This spring, watching my country reckon with its long history of racism and police brutality towards people of color, I felt a paralyzing combination of grief, frustration, and helplessness. Navigating conversations about racism, I was struck by how easy it had been for me, in “normal” times, to avoid the discomfort that arises from frank discussions of these issues. To me, allyship meant both embracing this discomfort and committing to sustained self-education on racial justice: these goals brought me to TALK, or Tuck Allies through Leadership and Knowledge.
TALK was born from the recognition that leadership requires continued self-education on how race and social justice have historically influenced and are currently influencing the world in which we hope to lead. As the acronym implies, TALK’s summer programming series was designed to foster empathy and action through community learning and dialogue. Over the summer, members of the Tuck community met virtually in small groups to discuss Michelle Alexander’s The New Jim Crow: Mass Incarceration in the Age of Colorblindness. Reflecting on the nights my six-person group spent talking over Zoom and asking each other questions, I came away with three key insights.
1. We must reexamine our past history to understand our racial present
As Alexander wrote in a recent New York Times op-ed piece, “we cannot solve a problem we do not understand.” Reading The New Jim Crow helped our discussion group build a firmer foundation of historical knowledge, allowing us to develop a common language we could use to discuss the ways in which racial inequality remains entrenched in our society. The TALK format of Socratic dialogue, where each member poses questions to the group, encouraged us to rethink our previously unquestioned historical narratives. When I shared that because I had grown up in Maine, a state that ranked among the least diverse in the US, I felt I had few personal memories of racial conflict, TALK pushed me to examine my assumptions about my home state. In fact, Maine was more racially diverse in the 19th century than it is today, and of course the state was settled by Native American tribes long before the first Europeans arrived. Within our TALK group, by deconstructing the historical myths we’d all absorbed, we could better understand the context that influences our current historical moment.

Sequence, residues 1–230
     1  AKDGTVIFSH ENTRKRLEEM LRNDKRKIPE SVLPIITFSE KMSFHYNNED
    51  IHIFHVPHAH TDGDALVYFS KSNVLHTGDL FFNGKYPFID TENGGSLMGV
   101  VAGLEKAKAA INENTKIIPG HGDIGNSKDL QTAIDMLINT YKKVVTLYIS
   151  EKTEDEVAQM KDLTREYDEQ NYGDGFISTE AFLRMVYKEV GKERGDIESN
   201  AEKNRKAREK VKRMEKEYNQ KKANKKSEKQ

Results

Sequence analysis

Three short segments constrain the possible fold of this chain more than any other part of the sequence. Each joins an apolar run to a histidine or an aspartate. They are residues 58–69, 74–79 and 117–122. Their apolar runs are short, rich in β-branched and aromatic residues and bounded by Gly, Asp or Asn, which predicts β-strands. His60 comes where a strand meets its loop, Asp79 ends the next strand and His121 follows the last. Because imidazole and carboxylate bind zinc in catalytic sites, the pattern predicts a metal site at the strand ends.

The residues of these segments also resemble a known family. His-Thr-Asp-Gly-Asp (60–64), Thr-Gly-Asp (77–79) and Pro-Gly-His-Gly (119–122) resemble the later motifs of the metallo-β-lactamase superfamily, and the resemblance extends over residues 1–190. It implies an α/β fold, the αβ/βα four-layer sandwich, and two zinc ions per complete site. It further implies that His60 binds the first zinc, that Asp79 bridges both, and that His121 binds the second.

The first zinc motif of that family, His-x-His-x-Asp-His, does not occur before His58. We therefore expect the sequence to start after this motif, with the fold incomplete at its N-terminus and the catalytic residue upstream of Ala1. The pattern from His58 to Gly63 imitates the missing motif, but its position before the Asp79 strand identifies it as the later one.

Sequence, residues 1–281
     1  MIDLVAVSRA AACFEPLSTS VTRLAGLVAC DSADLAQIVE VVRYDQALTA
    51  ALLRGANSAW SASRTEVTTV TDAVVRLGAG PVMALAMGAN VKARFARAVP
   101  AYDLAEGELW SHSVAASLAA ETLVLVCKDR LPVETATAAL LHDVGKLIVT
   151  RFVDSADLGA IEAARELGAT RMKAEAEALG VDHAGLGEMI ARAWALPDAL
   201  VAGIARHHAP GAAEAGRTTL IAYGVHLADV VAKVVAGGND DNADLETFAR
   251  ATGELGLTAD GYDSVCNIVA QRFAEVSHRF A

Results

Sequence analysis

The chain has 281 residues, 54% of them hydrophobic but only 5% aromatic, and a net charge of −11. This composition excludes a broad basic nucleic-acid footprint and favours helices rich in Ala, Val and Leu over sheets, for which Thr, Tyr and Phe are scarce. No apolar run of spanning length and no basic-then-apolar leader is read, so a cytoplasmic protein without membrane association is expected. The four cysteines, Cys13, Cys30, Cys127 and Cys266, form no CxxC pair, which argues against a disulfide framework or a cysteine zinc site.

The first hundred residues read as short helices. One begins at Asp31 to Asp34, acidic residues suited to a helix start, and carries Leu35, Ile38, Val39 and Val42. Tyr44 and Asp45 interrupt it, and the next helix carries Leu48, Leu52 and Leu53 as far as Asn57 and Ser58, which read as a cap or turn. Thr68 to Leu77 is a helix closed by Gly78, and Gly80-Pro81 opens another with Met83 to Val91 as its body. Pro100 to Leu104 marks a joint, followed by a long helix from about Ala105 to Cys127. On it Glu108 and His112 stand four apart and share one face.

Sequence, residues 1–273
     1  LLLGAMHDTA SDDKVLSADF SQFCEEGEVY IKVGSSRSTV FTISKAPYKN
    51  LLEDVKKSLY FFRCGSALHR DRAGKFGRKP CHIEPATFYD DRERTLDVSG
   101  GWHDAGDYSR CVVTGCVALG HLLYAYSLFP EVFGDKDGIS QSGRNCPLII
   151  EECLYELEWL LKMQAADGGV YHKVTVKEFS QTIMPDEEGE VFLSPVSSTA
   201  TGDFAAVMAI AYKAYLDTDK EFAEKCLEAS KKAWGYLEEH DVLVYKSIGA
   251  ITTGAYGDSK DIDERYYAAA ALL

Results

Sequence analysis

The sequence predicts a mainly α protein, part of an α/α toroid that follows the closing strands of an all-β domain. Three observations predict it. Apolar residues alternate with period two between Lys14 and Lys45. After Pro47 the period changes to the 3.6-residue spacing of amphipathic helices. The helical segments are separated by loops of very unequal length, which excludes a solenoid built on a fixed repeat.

2. The systems we build reveal our values
In The New Jim Crow, Alexander exposes the many ways that the American criminal justice system fails to live up to the ideal of “equal justice under law,” analyzing how the War on Drugs has enabled rampant discrimination against African Americans. Reading Alexander’s analysis, I was struck by how badly the criminal justice system fails to deliver a more just society. At Tuck, we are taught that an organization’s strategy goes beyond its stated goals and values; as leaders, we are accountable for allocating resources and shaping systems in ways that actually deliver on those goals. For years, the War on Drugs has imposed truly staggering human and economic costs on America while doing little to solve the societal problem of drug abuse. That all people are created equal is a foundational American value, yet our criminal justice system acts to systemically deny the equal dignity—and even the humanity—of African Americans. In our TALK group, we found ourselves reflecting on what the value of “justice” meant to each of us, and whether reallocating resources towards alternative strategies to combat poverty, drug abuse, mental illness, and violence could help create a more truly just society.
3. To change the big picture, change your (and others’) mind
Discussing the enormous challenges standing in the way of effective criminal justice reform often felt bleak. But our TALK group took solace in Alexander’s vision of a sweeping grassroots movement challenging the core principles of mass incarceration—one that could arise from an upwelling of public consciousness about racism and racial justice. As Alexander writes, “our only hope for our collective liberation is a politics of deep solidarity rooted in love.” To Alexander, solidarity spreads outward from the individual—only through our willingness to move past denial and confront uncomfortable truths about the discrimination imposed by supposedly race-neutral systems can a new moral consensus be forged. Writing for The New York Times, Alexander poignantly describes rising support for the Black Lives Matter movement as “another American mirror—a reflection of the best of who we are and what we can become.” Through TALK and other self-education initiatives, I hope to contribute to this hopeful vision.
Emma Sapat is a T’21 student hailing from Falmouth, Maine, a small town where moose have been known to wander into the gas station. Prior to Tuck, she worked in government as an analyst at the Consumer Financial Protection Bureau.